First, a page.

We arrived at the top of Lucky Peak, elevation 5,904 feet, around 7 pm on a beautiful October night. The sun was soon to sink below the distant Owyhee range. The Intermountain Bird Observatory was hosting a field trip as part of the public outreach and education aspect of their research program. Owl banding was tonight’s agenda.
Before it got too dark, executive director, Greg Kaltenecker led a tour of the grounds and explained the importance of the Boise Ridge to migrant bird populations, which I summarized in a previous post. This was a great opportunity to gawp at the 365 degree magic hour view.
Next, education and outreach director, Heidi Ware, presented a slide show describing owl types, adaptations, habitats, and diet and hunting techniques.
Then it was time to check the nets scattered about the mountain top. Net runs continue each half hour from sunset to sunrise every night during the owl migration period, which lasts from September through October.
The owls go through a process of identifying and recording their species, sex, size, weight, body fat, and overall condition. Then they are fitted with their own uniquely numbered leg band.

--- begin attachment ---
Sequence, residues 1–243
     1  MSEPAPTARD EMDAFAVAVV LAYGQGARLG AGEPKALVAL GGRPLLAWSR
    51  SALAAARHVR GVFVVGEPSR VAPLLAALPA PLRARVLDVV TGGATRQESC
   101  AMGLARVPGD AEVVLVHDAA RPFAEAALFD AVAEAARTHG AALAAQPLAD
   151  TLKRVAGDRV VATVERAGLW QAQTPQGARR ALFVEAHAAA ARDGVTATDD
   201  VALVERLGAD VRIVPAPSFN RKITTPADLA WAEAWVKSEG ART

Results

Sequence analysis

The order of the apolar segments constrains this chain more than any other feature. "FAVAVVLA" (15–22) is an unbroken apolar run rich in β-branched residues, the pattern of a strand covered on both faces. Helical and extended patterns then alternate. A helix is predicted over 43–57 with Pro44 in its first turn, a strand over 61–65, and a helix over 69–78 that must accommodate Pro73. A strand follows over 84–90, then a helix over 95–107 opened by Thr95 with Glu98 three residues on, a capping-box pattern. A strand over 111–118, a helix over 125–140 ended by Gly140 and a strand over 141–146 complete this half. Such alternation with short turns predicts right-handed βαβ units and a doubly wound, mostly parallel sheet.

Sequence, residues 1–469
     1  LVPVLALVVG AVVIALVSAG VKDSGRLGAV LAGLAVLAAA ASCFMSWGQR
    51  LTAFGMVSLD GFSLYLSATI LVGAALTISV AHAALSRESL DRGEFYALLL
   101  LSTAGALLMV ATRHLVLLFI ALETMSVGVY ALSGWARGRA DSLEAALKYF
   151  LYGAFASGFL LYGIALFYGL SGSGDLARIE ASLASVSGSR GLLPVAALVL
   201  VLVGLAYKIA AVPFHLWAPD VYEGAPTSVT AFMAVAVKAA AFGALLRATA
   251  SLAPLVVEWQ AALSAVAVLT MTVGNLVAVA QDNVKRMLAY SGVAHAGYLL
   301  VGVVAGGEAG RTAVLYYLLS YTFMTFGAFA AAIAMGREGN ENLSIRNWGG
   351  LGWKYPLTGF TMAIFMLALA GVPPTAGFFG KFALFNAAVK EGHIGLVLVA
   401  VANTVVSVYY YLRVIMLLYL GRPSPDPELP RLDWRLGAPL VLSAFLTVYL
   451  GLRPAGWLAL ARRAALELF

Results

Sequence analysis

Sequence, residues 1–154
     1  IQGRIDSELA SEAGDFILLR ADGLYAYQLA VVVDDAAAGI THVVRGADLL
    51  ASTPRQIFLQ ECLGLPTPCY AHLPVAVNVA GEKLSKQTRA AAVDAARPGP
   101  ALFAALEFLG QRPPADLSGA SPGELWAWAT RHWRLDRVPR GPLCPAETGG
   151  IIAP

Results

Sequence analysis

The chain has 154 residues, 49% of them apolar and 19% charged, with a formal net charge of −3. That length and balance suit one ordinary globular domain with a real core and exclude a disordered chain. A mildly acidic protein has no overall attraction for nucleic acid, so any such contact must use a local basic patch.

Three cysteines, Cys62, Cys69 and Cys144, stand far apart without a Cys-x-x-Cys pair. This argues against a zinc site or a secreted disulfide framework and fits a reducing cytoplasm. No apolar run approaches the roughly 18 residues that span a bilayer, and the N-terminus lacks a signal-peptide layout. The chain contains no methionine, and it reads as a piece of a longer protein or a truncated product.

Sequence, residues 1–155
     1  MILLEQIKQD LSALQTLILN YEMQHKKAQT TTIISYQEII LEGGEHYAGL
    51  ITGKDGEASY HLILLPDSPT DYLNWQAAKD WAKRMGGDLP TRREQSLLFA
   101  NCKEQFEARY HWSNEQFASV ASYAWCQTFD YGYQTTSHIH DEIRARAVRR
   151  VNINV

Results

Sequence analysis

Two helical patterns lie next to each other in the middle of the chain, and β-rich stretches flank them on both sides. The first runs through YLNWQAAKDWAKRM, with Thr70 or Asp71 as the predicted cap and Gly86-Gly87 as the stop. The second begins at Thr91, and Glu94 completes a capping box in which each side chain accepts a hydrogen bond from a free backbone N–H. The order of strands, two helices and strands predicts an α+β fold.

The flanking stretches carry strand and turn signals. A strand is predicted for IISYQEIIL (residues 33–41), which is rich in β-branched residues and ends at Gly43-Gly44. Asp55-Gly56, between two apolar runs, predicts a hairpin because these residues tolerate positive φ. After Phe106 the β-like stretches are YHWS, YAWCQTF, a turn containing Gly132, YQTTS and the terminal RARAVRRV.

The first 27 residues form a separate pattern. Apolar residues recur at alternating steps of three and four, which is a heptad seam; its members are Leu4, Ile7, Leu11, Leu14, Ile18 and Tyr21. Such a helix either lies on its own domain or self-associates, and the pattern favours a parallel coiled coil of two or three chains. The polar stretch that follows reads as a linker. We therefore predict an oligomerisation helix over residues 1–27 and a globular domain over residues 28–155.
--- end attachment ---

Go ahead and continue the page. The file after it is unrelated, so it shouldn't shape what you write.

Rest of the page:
The leading edge of primary wing feathers have minutely fringed flutings. This adaptation allows air to pass silently over the wing, providing owls a remarkably stealthy approach to their prey.
The last bit of excitement is a bittersweet release. The owls sit calmly, till they’ve regathered their senses and their eyes have readjusted to the dark. Then they burst into the night sky in a flurry of feathers and freedom.Information gleaned from these studies contributes to a growing body of knowledge about breeding and wintering habits and long-term changes in populations. It is how we sort truth from myth about what owls need to survive in a rapidly changing environment.
Happy hunting, my Saw-whet friends!